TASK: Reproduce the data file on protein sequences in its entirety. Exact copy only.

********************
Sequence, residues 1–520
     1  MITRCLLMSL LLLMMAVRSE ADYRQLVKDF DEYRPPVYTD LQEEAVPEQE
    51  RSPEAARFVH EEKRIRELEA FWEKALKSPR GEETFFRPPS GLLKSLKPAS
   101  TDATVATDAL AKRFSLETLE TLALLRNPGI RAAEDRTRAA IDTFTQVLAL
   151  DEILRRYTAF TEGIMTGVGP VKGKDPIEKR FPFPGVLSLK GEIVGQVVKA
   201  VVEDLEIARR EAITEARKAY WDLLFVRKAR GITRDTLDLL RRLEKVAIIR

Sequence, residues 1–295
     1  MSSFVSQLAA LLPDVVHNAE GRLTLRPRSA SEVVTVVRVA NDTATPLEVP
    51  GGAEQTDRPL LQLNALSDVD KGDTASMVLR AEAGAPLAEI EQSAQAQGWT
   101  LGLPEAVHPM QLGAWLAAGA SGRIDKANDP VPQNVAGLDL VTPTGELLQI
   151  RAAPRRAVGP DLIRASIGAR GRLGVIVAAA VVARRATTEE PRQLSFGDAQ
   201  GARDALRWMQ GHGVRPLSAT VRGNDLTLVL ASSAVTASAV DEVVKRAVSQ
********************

Sequence, residues 1–520
     1  MITRCLLMSL LLLMMAVRSE ADYRQLVKDF DEYRPPVYTD LQEEAVPEQE
    51  RSPEAARFVH EEKRIRELEA FWEKALKSPR GEETFFRPPS GLLKSLKPAS
   101  TDATVATDAL AKRFSLETLE TLALLRNPGI RAAEDRTRAA IDTFTQVLAL
   151  DEILRRYTAF TEGIMTGVGP VKGKDPIEKR FPFPGVLSLK GEIVGQVVKA
   201  VVEDLEIARR EAITEARKAY WDLLFVRKAR GITRDTLDLL RRLEKVAIIR

Sequence, residues 1–295
     1  MSSFVSQLAA LLPDVVHNAE GRLTLRPRSA SEVVTVVRVA NDTATPLEVP
    51  GGAEQTDRPL LQLNALSDVD KGDTASMVLR AEAGAPLAEI EQSAQAQGWT
   101  LGLPEAVHPM QLGAWLAAGA SGRIDKANDP VPQNVAGLDL VTPTGELLQI
   151  RAAPRRAVGP DLIRASIGAR GRLGVIVAAA VVARRATTEE PRQLSFGDAQ
   201  GARDALRWMQ GHGVRPLSAT VRGNDLTLVL ASSAVTASAV DEVVKRAVSQ